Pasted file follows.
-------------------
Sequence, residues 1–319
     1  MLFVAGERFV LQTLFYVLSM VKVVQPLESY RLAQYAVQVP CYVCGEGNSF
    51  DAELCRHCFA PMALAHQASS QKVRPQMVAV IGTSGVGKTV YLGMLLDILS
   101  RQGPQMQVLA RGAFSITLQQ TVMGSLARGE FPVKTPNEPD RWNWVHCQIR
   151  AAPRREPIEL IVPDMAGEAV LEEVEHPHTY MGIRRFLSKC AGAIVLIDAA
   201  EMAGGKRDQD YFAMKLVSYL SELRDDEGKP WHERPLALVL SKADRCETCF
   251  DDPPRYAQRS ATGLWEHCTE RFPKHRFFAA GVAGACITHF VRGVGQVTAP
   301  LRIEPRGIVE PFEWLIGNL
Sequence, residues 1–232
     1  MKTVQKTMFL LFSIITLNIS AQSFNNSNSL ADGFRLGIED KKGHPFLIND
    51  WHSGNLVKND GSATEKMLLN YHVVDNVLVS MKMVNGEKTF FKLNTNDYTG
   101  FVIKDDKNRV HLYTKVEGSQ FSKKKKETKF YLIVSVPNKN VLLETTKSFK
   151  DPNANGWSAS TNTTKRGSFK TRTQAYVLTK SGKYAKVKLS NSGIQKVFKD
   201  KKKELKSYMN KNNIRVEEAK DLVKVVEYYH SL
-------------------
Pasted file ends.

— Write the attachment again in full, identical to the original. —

Sequence, residues 1–319
     1  MLFVAGERFV LQTLFYVLSM VKVVQPLESY RLAQYAVQVP CYVCGEGNSF
    51  DAELCRHCFA PMALAHQASS QKVRPQMVAV IGTSGVGKTV YLGMLLDILS
   101  RQGPQMQVLA RGAFSITLQQ TVMGSLARGE FPVKTPNEPD RWNWVHCQIR
   151  AAPRREPIEL IVPDMAGEAV LEEVEHPHTY MGIRRFLSKC AGAIVLIDAA
   201  EMAGGKRDQD YFAMKLVSYL SELRDDEGKP WHERPLALVL SKADRCETCF
   251  DDPPRYAQRS ATGLWEHCTE RFPKHRFFAA GVAGACITHF VRGVGQVTAP
   301  LRIEPRGIVE PFEWLIGNL
Sequence, residues 1–232
     1  MKTVQKTMFL LFSIITLNIS AQSFNNSNSL ADGFRLGIED KKGHPFLIND
    51  WHSGNLVKND GSATEKMLLN YHVVDNVLVS MKMVNGEKTF FKLNTNDYTG
   101  FVIKDDKNRV HLYTKVEGSQ FSKKKKETKF YLIVSVPNKN VLLETTKSFK
   151  DPNANGWSAS TNTTKRGSFK TRTQAYVLTK SGKYAKVKLS NSGIQKVFKD
   201  KKKELKSYMN KNNIRVEEAK DLVKVVEYYH SL